"Danny is day to day right now, so we'll see (Thursday) morning," Wings coach Jeff Blashill said. "He didn't skate (Wednesday). We'll see (Thursday) how he feels. It's going to be a thing where it's pain tolerance for him."
Meanwhile, Niklas Kronwall, who was plagued with back spasms during training camp and a tweaked groin of late, appears to be very close.
"It's getting there definitely," Kronwall said after the optional practice Wednesday. "No setbacks so I think I'll be good to go tomorrow. We'll see what they say here. I'll be ready.
"It feels pretty good, still a little off on timing and things like that. There's certain things that you can only get by playing games."
Blashill said they will decide Thursday whether Kronwall can play against the Coyotes.
The other concern is the Wings are scheduled to play their first set of back-to-back games Thursday in Arizona and Friday in Las Vegas.
"I think that's something that I'll have conversations with our training staff, with Nik about," Blashill said. "He's not necessarily 100 percent prohibited. It's not necessarily the best thing that you always want to do when a guy comes back after not playing for a long time. But let's see."
Naturally, if Kronwall is cleared to play Thursday, his preference would be to play in both games.
"I'd love to play back to back," Kronwall said. "Once you're going again, you want to play every game. And of course, you talk to the medical team and see what their thoughts are. But if you're healthy, you want to play as many games as possible."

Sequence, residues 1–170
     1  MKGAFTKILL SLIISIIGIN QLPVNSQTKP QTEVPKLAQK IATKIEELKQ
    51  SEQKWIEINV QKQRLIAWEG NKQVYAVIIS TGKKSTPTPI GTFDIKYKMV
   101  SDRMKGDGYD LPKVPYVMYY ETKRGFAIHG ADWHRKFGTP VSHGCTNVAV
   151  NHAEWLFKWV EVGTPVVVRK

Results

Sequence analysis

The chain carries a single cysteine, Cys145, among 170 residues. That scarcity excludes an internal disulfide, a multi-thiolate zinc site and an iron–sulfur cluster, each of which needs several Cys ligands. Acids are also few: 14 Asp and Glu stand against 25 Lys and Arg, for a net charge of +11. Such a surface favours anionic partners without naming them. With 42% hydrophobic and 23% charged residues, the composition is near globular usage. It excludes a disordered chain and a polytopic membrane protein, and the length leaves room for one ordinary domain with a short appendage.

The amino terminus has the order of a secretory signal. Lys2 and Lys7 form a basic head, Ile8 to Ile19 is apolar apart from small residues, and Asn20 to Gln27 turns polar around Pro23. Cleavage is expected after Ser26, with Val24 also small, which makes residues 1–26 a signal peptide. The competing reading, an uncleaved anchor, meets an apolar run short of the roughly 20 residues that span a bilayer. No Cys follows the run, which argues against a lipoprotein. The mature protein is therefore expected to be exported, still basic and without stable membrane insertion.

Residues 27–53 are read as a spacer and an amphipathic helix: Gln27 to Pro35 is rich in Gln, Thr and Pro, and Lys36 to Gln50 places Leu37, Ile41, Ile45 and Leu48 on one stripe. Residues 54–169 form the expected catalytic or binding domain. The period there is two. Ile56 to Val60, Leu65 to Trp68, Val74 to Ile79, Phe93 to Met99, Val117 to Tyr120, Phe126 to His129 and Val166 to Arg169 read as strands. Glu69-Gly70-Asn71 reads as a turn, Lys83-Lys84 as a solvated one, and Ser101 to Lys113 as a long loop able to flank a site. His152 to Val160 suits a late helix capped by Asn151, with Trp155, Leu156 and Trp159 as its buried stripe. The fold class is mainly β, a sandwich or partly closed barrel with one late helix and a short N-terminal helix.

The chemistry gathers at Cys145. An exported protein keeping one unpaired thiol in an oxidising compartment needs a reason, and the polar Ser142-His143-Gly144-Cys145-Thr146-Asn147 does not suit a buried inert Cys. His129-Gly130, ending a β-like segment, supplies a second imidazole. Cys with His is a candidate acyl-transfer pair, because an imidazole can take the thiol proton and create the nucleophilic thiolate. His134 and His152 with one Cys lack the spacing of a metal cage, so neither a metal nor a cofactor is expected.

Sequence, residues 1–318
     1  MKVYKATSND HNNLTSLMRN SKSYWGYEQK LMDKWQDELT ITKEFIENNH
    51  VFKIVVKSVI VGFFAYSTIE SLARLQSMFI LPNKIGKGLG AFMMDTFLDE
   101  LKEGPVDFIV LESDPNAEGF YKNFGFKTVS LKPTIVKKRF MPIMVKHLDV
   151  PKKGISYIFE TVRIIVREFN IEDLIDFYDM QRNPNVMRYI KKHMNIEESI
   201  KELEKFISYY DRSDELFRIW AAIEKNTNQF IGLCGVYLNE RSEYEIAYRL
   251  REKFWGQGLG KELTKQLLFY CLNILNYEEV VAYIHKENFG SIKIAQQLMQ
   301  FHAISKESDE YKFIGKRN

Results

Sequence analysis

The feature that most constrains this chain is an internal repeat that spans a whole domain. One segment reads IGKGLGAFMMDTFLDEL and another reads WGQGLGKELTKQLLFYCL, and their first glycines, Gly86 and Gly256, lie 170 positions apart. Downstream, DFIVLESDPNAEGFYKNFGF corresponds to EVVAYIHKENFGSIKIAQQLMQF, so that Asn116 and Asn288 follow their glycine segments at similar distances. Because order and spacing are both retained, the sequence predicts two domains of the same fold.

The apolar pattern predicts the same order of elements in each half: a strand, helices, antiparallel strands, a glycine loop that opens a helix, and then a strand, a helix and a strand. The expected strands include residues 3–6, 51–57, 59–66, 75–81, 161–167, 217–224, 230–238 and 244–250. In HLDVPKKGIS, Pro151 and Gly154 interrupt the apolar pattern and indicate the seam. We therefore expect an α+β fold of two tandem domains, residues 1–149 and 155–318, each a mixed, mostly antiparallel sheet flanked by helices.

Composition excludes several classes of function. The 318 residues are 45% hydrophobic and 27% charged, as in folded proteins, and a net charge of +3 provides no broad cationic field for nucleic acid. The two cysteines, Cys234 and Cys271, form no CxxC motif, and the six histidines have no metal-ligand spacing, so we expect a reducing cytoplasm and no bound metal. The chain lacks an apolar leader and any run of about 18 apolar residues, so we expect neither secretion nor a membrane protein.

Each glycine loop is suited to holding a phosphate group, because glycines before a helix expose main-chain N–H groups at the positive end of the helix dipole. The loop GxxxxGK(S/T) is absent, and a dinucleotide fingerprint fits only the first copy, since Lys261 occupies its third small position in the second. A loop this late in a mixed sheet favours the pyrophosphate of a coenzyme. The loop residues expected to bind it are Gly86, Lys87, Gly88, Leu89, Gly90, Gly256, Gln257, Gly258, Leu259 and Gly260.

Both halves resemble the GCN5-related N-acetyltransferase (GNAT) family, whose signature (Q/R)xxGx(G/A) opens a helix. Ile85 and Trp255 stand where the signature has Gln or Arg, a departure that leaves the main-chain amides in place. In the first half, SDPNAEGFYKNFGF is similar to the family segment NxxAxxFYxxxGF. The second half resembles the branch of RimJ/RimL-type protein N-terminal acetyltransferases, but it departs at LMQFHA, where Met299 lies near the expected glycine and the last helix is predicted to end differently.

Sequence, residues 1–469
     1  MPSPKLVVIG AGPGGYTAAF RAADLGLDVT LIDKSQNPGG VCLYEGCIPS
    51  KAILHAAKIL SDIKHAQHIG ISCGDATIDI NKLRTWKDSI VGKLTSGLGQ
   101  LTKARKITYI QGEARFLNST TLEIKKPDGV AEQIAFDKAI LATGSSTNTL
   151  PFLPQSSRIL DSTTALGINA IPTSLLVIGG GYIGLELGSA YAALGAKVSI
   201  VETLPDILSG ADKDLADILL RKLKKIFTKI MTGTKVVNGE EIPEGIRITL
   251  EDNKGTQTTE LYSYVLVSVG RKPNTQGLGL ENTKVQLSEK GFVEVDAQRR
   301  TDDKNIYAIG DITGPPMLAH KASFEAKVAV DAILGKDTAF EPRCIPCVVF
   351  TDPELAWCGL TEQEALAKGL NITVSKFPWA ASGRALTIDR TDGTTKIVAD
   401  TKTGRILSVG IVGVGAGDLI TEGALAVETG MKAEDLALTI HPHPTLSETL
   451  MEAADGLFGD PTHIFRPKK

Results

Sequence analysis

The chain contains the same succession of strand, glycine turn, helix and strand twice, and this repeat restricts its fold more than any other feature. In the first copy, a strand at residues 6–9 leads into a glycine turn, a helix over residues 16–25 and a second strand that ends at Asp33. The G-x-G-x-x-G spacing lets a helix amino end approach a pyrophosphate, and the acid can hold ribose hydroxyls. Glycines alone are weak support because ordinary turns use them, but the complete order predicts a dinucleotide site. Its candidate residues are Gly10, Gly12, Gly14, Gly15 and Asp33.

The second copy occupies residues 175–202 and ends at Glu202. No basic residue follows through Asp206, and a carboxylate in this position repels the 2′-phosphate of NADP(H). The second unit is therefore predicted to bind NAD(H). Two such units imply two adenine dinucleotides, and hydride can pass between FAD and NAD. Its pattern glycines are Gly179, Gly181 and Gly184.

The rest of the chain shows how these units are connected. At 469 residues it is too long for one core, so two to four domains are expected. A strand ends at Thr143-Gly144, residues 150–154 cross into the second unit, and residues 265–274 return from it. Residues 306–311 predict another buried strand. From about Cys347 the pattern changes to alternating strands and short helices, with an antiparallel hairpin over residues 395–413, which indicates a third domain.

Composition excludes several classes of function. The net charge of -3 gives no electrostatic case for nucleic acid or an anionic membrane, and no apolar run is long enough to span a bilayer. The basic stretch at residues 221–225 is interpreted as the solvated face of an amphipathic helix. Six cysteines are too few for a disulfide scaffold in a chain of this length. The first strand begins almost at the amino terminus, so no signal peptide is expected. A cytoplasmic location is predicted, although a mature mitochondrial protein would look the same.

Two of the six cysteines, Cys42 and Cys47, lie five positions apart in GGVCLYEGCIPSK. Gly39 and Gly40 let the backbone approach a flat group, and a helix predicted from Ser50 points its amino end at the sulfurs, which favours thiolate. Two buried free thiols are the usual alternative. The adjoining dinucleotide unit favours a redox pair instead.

DeKeyser's uncertain status gives more importance to whether Kronwall will be available but the decision can't be made because of that.
"I've been itching to get back in obviously and you feel bad for DK, I hope it's nothing too serious because we need him on the ice," Kronwall said. "But in saying that, of course you don't want to be down (for an extended time). You'd like to get back in there as soon as possible."
Last season Kronwall missed the first 11 games of the season because of a chronic knee issue, which has not been the problem this year.
"It's been a little frustrating, there's no doubt about that," Kronwall said. "The knee's been feeling pretty good. But in saying that, you can't feel sorry for yourself, it is what it is. You try to stay positive and do what you can to put yourself in a better spot for tomorrow."
There is also some flexibility with the roster because of the presence of Luke Witkowski, who has played forward for the Wings in two games but has also been a defenseman in the league.
"When he's in the lineup, if you run short on D, you can slide him back there," Blashill said. "The hard thing is getting him enough practices at both positions. I don't want him to be so far in between that he's not comfortable with either. That's something that we've got to manage."
GREEN'S IMPACT: In the first three games this season, defenseman Mike Green has six assists.
Green has never had a faster start to the season points-wise than this year.
"Greener's looking as good as I've seen him, just so smooth, so in control of the game," Kronwall said. "When he's on the ice, he's really pacing the play out there. With a guy like that, you'd like for him to have the puck as much as possible. Greener's looking great, no doubt."
Last season Green reached six points in his fourth game, helped by scoring his first career hat trick during the home opener against the Ottawa Senators.
"I just think last year and the beginning of this year he's been excellent for us," Blashill said. "He's really done a good job of breaking us out and then a good job of making a ton of plays coming up the ice. He's attacking the game. He's been good defensively. He's a total winner. He comes to the rink every day to get better. I think he's been a real good player for us."